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Hillary’s Nightmare? A Democratic Party That Realizes Its Soul Lies With Elizabeth Warren (TNR)
Noam Scheiber explains why Senator Warren is at the heart of the debate about the Democrats’ identity. The argument between populists and Wall Street allies could be the central question in the Democratic primaries for 2016.
- Roosevelt Take: Senator Warren will give the keynote address at “An Unfinished Mission: Making Wall Street Work For Us,” where the Roosevelt Institute and Americans for Financial Reform will launch a new report on the policy questions that remain within and beyond Dodd-Frank.
House Dems Can Block GOP Food Stamp Cuts—By Killing the Farm Bill (MoJo)
Erika Eichelberger suggests that the best way for Democrats to stop cuts to food stamps would be to vote with the far right. If the farm bill fails, funding should continue at the same level, which makes voting with those who want even more cuts the way to go.
Could There be a Bipartisan Truce on Infrastructure? (MSNBC)
Suzy Khimm suggests that infrastructure could be one of the only issues in the budget negotiations that already has bipartisan support. The president’s $50 billion infrastructure plan seems unlikely, but smaller projects have already passed even as the GOP yells about spending.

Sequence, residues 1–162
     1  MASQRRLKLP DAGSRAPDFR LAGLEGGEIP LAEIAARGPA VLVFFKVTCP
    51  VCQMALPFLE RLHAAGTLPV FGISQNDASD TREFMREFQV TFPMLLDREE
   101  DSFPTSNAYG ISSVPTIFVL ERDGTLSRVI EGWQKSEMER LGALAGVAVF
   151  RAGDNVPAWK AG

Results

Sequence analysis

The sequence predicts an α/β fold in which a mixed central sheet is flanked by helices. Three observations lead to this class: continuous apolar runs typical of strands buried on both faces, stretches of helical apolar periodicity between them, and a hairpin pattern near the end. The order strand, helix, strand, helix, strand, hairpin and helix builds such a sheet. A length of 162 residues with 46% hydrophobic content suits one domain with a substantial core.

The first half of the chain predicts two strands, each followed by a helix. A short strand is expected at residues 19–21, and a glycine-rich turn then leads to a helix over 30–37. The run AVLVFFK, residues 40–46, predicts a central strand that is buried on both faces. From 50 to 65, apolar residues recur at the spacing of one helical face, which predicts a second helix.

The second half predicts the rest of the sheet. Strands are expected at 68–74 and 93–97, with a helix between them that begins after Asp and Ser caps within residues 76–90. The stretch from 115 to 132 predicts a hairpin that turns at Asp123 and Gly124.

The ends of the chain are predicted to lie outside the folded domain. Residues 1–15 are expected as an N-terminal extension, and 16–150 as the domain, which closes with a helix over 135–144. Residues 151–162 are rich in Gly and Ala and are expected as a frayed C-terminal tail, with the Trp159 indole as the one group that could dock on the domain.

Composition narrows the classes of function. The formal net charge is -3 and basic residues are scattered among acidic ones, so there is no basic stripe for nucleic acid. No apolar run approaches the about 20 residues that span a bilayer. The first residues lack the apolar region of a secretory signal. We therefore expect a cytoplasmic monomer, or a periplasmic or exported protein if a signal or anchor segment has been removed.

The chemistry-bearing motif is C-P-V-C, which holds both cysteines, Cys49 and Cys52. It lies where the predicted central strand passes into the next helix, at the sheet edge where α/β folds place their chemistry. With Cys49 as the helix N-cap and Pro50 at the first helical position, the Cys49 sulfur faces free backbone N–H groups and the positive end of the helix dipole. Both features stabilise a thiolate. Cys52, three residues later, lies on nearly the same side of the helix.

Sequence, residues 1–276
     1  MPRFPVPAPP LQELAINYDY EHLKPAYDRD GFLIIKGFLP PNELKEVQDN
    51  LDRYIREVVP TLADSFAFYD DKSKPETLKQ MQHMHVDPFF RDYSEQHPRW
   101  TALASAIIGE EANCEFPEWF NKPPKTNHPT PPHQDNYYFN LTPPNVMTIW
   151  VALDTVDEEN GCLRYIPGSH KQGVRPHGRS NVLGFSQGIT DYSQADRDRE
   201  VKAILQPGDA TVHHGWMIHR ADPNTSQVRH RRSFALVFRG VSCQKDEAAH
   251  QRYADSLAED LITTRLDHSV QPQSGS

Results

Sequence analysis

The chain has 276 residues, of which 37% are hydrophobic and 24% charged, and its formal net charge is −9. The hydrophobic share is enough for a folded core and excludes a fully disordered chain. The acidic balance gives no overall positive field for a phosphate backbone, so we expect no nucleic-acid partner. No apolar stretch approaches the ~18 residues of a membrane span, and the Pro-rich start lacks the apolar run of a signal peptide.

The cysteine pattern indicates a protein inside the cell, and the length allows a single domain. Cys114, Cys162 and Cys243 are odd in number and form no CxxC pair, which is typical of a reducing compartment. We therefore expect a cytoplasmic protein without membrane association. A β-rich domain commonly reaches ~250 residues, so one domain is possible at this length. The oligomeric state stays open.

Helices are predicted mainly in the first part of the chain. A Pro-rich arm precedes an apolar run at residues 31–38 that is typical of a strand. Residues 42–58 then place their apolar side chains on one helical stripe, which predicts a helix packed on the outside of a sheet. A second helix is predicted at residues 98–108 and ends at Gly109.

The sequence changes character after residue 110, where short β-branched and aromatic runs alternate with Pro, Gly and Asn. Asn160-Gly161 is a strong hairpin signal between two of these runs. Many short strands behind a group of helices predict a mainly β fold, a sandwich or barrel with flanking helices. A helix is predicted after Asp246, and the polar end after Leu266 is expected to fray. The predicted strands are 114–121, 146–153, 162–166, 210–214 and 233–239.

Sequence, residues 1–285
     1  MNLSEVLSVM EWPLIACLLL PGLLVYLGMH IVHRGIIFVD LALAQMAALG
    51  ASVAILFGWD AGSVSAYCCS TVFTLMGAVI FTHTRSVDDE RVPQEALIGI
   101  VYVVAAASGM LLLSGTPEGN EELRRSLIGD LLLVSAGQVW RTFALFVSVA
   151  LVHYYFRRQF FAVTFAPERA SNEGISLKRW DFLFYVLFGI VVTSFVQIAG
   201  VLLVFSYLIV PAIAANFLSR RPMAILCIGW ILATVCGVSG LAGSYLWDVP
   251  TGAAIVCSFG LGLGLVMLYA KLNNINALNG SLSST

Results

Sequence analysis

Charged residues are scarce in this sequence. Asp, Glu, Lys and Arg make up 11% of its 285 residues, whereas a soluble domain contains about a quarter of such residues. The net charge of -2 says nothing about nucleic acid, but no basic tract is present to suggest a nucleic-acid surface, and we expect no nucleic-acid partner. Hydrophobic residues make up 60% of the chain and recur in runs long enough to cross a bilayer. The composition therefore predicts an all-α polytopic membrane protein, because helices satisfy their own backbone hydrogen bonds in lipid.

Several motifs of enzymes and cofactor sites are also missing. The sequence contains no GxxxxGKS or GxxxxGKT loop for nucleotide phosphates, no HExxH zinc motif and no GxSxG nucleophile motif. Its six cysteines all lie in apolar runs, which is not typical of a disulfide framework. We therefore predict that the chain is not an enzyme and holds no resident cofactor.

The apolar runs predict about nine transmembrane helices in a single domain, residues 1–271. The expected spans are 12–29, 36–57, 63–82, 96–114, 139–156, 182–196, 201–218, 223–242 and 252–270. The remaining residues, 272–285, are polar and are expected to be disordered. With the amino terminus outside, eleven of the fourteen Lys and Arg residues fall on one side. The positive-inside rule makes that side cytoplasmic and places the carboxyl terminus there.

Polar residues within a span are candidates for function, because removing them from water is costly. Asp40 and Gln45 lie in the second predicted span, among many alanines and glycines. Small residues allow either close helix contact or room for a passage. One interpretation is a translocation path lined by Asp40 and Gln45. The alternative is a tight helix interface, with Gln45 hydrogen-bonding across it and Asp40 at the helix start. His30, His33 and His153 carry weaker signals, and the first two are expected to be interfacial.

How Badly Has the U.S. Economy Been Damaged? (The New Yorker)
John Cassidy looks at a research paper by three economists at the Federal Reserve, which suggests that the recession has harmed the economy’s capacity for growth. High unemployment and reduced capital investment may have cost up to seven percent of GDP.
“If You Like Your Current Health Insurance, You Can Keep It”: DeLong Analytical Failure Weblogging, Chapter CCXI (The Equitablog)
Brad DeLong looks at the reasons that some people are losing their current insurance under the Affordable Care Act. Of his four reasons, three are goals of reform, so it seems strange that those reasons are getting so much negative attention.
New on Next New Deal
Roosevelt Institute Senior Fellow Richard Kirsch argues that media bias means only certain (mostly negative) stories about the Affordable Care Act are getting serious attention. Supporters of the law need to ensure that the positive stories get covered, too.
Roosevelt Institute | Campus Network Senior Fellow for Equal Justice Erik Lampmann says that Millennials can’t understand why the GOP opposes the Employment Non-Discrimination Act, but that doesn’t mean they have to accept a flawed version of the bill.